This post was written in 2008 which was the first time in my adult life that the economy (I lived in) came up against resource constraints. What happens then is a bull market in commodities. This in turn quenches economic growth, and the prices drop again. Commodity volatility is a sign that the system is stretched to its limit. Below I suggest some diet changes which will make it easier to deal with the volatility (which is still there).
Food rationing has returned to the US for the first time since World War II. Along with the ongoing bet of which will reach $5/gallon first — gas or milk (I say gas)– this is one of an emerging list of symptoms that the idea of exponential growth of the economy and people on a finite planet is fundamentally flawed.
Exponential growth with its cute euphemism of the magic of compound interest, procreation, consumption, etc. can be incredibly destructive of whatever the system is growing into e.g. cancer into the human body. For instance, the cancer is likely doing fine until the host dies.
Now I have been expecting this but I was not expecting it this soon in the US. Lack of food is a fact of life for two billion people on the planet. Incidentally, for those who stopped counting world population numbers when they left school, there are now 6.7 billion people on the planet or 700 million more than 8 years ago, 2200 million more than when I was born, and twice as many as when my parents were born. Getting crowded yet?
It is possibly just a temporal fluke (currently) and eventually prices will adjust. Also the story may have been blown out of proportion. In my opinion now is not the time to go out and hoard bags of rice, but feel free to do whatever you like.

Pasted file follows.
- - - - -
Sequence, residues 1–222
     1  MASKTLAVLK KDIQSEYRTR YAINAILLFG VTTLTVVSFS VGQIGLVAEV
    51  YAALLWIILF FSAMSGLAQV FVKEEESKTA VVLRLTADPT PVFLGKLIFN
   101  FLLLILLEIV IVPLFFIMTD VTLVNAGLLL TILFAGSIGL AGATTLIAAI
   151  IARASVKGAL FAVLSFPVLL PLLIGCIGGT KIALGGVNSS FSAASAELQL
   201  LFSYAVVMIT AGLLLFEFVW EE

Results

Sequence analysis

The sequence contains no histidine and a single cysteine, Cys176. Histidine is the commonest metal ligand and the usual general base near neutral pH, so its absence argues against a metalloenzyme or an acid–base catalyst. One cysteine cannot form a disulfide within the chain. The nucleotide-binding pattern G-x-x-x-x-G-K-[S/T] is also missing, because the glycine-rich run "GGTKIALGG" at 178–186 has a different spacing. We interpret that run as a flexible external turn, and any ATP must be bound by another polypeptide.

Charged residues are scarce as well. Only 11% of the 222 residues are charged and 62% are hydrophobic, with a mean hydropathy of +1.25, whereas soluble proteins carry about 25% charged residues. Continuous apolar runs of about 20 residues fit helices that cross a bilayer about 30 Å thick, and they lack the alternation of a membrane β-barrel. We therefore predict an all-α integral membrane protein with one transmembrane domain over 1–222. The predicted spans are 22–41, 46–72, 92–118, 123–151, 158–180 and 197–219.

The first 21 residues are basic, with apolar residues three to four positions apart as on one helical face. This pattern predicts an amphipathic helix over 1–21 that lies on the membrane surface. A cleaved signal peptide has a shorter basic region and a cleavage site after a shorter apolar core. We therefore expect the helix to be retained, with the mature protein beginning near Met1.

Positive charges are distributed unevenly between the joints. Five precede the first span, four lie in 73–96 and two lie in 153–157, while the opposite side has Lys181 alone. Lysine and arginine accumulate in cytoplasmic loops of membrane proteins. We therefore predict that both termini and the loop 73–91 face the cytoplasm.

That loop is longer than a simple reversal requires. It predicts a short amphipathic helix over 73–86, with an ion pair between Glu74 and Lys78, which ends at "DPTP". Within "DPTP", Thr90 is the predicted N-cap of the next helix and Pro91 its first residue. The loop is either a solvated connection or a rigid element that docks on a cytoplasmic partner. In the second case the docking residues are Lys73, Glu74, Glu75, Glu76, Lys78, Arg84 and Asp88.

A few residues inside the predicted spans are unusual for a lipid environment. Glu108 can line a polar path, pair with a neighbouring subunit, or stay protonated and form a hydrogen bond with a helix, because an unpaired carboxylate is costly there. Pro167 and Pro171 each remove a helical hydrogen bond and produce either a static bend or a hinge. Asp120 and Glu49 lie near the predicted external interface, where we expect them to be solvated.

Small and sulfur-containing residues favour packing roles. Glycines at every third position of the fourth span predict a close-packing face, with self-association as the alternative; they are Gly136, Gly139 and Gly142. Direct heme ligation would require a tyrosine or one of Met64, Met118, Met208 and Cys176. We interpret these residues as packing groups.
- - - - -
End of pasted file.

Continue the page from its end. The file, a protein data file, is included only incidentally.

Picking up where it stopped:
There are some things to keep in mind though. The government is actively subsidizing the in my opinion inane idea of putting food in the gas tank (ethanol). This is causing a food shortage in its own (the tortilla crisis). Furthermore it takes 15-20g of plant protein (and ungodly amounts of water) to make 1g of meat protein. This means that the price is meat is highly leveraged. However, just like oil is not the main limiting factor on the economy yet, fodder might not be the limiting factor yet on beef price. There’s also labor, land, taxes, etc. Nevertheless, this is a good time to start thinking about the kinds of foods it will be economically possible to eat when the population count hits 9 billion within the next 40 years especially given the increased competition with 2+ increasingly affluent people from Chindia.
I suggest doing what we do. Instead of making meat the main part of the meal, turn it into a condiment or perhaps leave it out altogether. Similarly, drop the milk. Finally, learn what grows locally and when it is in season and cook with those ingredients. This way one can adapt one’s current diet to something which is probably more healthy but more importantly corresponds to the future food situation. In addition learning to cook is a process that takes time, so if your diet is hopelessly American, start easy by perhaps learning how to bake a cookie without using premixed store bought powder. Try making your own sauce. Then go on and try meat free days and then meat free weeks. After that start learning about what is grown locally and cook more with those ingredients and less with imported ingredients. Finally, cook more with what’s locally in season rather than ingredients that have to be flown in. At this point food rationing should not incur major hardships.